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The Food and Drug Administration (FDA) is facing a new wave of legal challenges over its rules for electronic cigarettes.
The Pacific Legal Foundation filed lawsuits on behalf of vaping businesses in district courts in the District of Columbia, Minnesota and Texas on Tuesday.
In the lawsuits, the foundation argues the FDA’s so-called deeming rule, which brings e-cigarettes under the same regulatory scheme as traditional cigarettes, violates the First Amendment because it allows the agency to treat many non-tobacco vaping products as if they were tobacco products regulated by the Tobacco Control Act.
“Thanks to the Deeming Rule, anyone who manufactures or sells a vaping product must obtain FDA’s preapproval before engaging in truthful speech concerning that product’s health and related effects,” attorneys for the legal group argue in court documents.
“Moreover, it is the would-be speaker who must bear the burden of convincing the agency that the truthful speech will improve public health. Such restrictions on truthful speech are presumed unconstitutional under the First Amendment, and it is the government—not the speaker—which must bear the heavy burden to overcome that presumption. The Deeming Rule unconstitutionally shifts that burden from the government to speakers.”
Manufacturers have long claimed e-cigarettes are less harmful and can help people quit smoking.
A report from the National Academies of Sciences, Engineering, and Medicine, however, found that e-cigarettes, while safer than traditional cigarettes and a useful tool for helping people quit smoking, are not necessarily “safe.” The report also found e-cigarettes put teens at a higher risk of trying cigarettes.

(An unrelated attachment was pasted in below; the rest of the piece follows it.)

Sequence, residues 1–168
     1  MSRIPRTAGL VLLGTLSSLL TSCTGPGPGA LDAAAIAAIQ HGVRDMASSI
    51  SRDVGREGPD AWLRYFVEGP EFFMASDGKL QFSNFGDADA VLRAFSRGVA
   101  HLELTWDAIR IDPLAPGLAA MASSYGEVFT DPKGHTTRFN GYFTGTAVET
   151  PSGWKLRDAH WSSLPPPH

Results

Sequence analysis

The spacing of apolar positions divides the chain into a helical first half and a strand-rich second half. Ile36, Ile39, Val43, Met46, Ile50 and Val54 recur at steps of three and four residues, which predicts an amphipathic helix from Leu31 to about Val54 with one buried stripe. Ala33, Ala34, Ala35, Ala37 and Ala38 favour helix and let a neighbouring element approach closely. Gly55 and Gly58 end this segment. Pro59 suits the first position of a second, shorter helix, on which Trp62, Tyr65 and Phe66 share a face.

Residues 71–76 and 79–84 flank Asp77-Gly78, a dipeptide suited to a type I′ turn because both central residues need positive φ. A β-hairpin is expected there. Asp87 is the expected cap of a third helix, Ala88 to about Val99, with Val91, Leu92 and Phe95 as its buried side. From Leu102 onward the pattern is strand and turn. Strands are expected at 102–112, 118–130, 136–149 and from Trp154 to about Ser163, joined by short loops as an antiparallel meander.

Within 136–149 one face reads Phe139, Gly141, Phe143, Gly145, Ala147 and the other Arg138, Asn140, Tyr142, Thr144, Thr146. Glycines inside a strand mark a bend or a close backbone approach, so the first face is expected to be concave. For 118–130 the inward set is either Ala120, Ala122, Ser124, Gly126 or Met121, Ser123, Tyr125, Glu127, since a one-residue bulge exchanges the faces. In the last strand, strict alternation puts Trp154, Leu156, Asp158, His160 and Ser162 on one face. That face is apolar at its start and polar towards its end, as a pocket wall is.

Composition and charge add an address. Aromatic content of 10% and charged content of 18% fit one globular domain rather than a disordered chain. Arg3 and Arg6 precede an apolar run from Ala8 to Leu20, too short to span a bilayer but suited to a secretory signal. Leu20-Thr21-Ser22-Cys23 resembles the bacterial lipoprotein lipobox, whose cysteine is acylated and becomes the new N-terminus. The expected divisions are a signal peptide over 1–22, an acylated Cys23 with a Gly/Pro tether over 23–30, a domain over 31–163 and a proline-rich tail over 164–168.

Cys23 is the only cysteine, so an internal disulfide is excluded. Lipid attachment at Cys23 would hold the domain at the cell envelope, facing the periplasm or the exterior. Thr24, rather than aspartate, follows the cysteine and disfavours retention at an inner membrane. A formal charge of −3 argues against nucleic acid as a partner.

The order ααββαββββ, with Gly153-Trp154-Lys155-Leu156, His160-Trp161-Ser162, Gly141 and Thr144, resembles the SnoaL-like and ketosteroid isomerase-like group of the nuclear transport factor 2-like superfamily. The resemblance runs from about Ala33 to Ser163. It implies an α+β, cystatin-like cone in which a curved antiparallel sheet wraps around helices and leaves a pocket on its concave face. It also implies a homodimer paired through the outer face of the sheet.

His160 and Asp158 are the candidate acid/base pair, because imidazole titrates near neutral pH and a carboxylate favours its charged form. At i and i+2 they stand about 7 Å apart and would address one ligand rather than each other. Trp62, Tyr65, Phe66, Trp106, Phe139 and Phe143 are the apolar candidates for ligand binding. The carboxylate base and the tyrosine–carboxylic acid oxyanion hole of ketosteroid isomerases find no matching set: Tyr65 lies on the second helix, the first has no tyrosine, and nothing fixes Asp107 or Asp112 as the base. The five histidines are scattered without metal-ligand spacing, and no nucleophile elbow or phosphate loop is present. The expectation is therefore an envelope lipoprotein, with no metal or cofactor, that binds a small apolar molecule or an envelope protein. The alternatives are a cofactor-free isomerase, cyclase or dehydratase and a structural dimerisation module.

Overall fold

The lawsuits also allege the rule is unconstitutional because Leslie Kux, the career FDA employee who issued it, had no authority to do so.
“Because the issuance of a rule is final, because a rule binds the government and the regulated public, and because a rule cannot be easily reversed, only a principal officer of the United States—one who has been nominated by the President and confirmed by the Senate—may exercise such authority,” the foundation wrote.
In July, Judge Amy Berman Jackson of the U.S. District Court for the District of Columbia upheld the FDA’s rule against a challenge from Nicopure Labs LLC. The e-liquids manufacturer had argued that the FDA overstepped its legal authority under the Tobacco Control Act in subjecting e-cigarettes to the same federal laws as traditional cigarettes.
“Congress gave the FDA broad authority to deem new products to be ‘tobacco products’ subject to that existing statutory regime, and the Court finds that it was not arbitrary and capricious for the agency to decide to take that action with respect to e-cigarettes,” she wrote in her opinion.
Original article published here.